STO-serving smart contracts could allow for automatic updates of share registries and cap tables with each trade, and enable more direct exchanges between buyers and sellers, with fewer intermediaries. Also, if it’s a permissionless system – if there are no “permissioned” incumbent financial entities functioning as gatekeepers of a private blockchain – there is nothing to stop startup service providers shifting many traditional back-end activities such as underwriting, custody and brokerage over to a decentralized network. These are services that investment banks, for the most part, currently provide.
All of this requires that the tech be sufficiently scalable, of course, and that regulators are happy with the kinds of cryptography-based custodial solutions on which it depends. However, it’s widely believed, by people in both crypto and traditional finance communities, that we will get there.
Seeking to control the process
What’s impressive about Societe Generale’s implicit position, then, is that it seeking to understand and have some control over a technology that will inherently threaten some of its businesses.
In doing so, it may be betting that banks like it will adjust to the new paradigm much as they did in the nineties when online stock trading and electronic marketplaces initially threatened Wall Street’s dominance of the securities industry.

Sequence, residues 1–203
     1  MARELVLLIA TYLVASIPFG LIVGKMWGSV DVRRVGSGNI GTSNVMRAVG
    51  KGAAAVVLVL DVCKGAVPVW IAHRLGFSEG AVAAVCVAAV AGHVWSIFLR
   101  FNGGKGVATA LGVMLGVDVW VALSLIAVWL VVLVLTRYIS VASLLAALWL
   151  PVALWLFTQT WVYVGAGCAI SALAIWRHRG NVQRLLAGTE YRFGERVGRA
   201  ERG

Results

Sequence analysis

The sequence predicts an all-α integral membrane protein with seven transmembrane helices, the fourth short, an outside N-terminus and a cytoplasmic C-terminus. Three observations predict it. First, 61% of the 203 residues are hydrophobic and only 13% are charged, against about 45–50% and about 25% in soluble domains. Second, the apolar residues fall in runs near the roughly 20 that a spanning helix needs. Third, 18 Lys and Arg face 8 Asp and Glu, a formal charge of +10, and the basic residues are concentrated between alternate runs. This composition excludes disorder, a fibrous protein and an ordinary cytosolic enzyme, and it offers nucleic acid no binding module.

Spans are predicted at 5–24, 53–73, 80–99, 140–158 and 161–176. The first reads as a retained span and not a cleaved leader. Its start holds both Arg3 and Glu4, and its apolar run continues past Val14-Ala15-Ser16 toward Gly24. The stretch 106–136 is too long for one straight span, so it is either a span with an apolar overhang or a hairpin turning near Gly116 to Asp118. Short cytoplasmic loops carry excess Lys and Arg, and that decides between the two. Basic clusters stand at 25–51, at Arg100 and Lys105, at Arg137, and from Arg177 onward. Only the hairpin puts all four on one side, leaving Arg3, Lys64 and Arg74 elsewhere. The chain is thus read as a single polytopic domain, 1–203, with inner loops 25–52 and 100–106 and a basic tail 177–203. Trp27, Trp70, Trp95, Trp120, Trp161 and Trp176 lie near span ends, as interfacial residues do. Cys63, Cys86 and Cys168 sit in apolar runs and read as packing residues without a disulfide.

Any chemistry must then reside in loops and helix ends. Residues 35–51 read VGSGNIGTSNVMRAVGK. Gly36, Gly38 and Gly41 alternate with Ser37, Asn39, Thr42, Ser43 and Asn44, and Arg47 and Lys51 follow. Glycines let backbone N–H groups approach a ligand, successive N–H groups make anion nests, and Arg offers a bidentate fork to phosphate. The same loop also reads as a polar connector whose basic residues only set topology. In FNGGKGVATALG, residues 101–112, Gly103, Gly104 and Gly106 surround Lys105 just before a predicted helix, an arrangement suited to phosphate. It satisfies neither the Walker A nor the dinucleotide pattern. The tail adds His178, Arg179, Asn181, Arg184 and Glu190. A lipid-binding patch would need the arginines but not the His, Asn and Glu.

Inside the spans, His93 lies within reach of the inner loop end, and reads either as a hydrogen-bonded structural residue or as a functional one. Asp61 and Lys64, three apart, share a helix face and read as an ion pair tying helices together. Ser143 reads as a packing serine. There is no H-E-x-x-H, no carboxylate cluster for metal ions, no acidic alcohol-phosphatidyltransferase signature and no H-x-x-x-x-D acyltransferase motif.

Those systems, which made market prices more transparent, drastically reduced the commissions that investment banks could charge for trading, but they also promoted a surge in volumes that compensated for the tighter margins. In the end, the savviest banks invested in this new trading and matching technology and, in taking charge of its development, managed to retain a dominant position in capital markets.
The death of banks might well be a thing to celebrate in the future. But the reality is that the market will for some time continue to value much of the expertise and market-making power that currently resides on Wall Street, even as it starts to demand that the functional back-end tasks of record-keeping, custody, trade matching and clearing and settlement be handled by smart contracts, digital currencies and distributed networks.
Corporate issuers of STOs will always need to find investors. They’ll also be keen to offload the risk that those investors won’t be found onto someone who’s willing and able to bear it. And they’ll pay a good price for those services. My guess is that this is where banks will continue to be very active.
Those that are out there, experimenting with the most radical, future-facing versions of blockchain and other disruptive technologies will be the most profitable in doing so.